“whether

an ADA plaintiff ‘s representation to the [Social Security Administration] that

she was ‘totally disabled’ created a rebuttable presumption sufficient to

judicially estop her later representation that, for the time in question, with

reasonable accommodation, she could perform the essential functions of her

job.”

The

justices ruled in Cleveland that application for and receipt of SSDI benefits

does not automatically estop a recipient from pursuing an ADA claim or erect a

strong presumption against the recipient’s ADA success. However, it held that to

survive a summary judgment motion an ADA plaintiff cannot ignore her SSDI

contention that she was too disabled to work, but must explain why that

contention is consistent with her ADA claim that she can perform the essential

functions of her job, at least with reasonable accommodation. 125 Under this

holding both parties will have the opportunity to present or contest the

plaintiff’s explanation. Furthermore, a plaintiff may argue that her SSDI

statement of total disability was made in a forum that does not consider the

effect that a reasonable workplace accommodation would have on ability to work.

She may also argue that statements were reliable at the time they were made.

The

Cato Institute claims this is “disability fraud.” Taylor writes “…any

person who files an employment discrimination claim under the ADA is by

definition arguing that he can perform a particular job, though often with the

stipulation that the employer make some “reasonable accommodation” for the

person’s condition. If a person has asserted under oath that he is capable of

performing one of more jobs that he desires, then logic tells us that that

person cannot at the same time claim under oath that in reality he cannot

perform any type of work that exists in the national economy.” Clearly, Taylor

has taken the side of business.

Although

Taylor states that the ADA mandates an employer to provide a reasonable

accommodation “whenever and wherever disabled persons need them” he

conveniently fails to make the connection that Cleveland’s employer

denied

her an accommodation. If the employer had complied with the law that the Cato

Institute has done its best to kill, then Cleveland would not have sued her

employer nor would she be on disability benefits.

Still

it is questionable how worker-friendly the Supreme Court ruling is. It does not

preclude the employer from firing the worker first and does not guarantee a

favorable outcome for the disabled employee. The court warned that “in some

cases an earlier SSDI claim may turn out genuinely to conflict with an ADA

claim.” It remains to be seen how workers with disabilities will fare.

How

are disabled workers faring at the Cato Institute? After reading Taylor’s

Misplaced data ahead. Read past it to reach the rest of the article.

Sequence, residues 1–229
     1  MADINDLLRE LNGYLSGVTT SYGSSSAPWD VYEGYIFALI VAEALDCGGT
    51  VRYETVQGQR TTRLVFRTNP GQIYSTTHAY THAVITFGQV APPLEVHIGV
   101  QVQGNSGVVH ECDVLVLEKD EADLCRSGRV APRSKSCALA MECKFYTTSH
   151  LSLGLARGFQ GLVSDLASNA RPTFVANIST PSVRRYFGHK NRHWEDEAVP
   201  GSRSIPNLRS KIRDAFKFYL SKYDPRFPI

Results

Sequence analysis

paper, I called to inquire how many deaf, blind, mobility or otherwise impaired

persons Cato Institute had amongst their 75 employees. Bill Erickson, VP of

Finance and Administration, told me Cato had “no disabled employees at the

moment” but they would hire someone “if they were qualified for the job.”

When I asked how many had worked there in the past, he said he really couldn’t

say.

Why

doesn’t Taylor go after the failure of business to provide a reasonable

accommodation or the conservative courts which are consistently ruling in favor

of employers’ interests? Plaintiffs face an overall lack of success in the

courts where employers have been charged with disability discrimination. Studies

show that in the first eight years, defendants (businesses) overwhelming

prevailed in ADA employment cases at both the trial and appellate court levels.

Law professor Ruth Colker states that this outcome is “worse than results

found in comparable areas of the law; only prisoner rights cases fare as

poorly.”

Nine

years after the passage of the ADA, national employment surveys show no real

statistical gain in employment. One study suggests that proportion of

working-age adults with disabilities who are employed has declined since 1986,

when one in three (34 percent) were working. If Taylor is so concerned about how

many people are on SSDI, why doesn’t he criticize the employer’s calculus

when deciding to hire or retain disabled workers? Employers often think it is

cheaper to get rid of a disabled employee than to retain them. Employers are

creating the persons who must apply for SSDI.

The

answer is no mystery. Taylor’s “disability fraud” is think-tank ammunition

bought by the wealthy who Cato represent to further push government policy to

the right and to undo working class security. Undermining SSDI claims is a means

to this end.

Marta Russell can be reached at [email protected] http://disweb.org/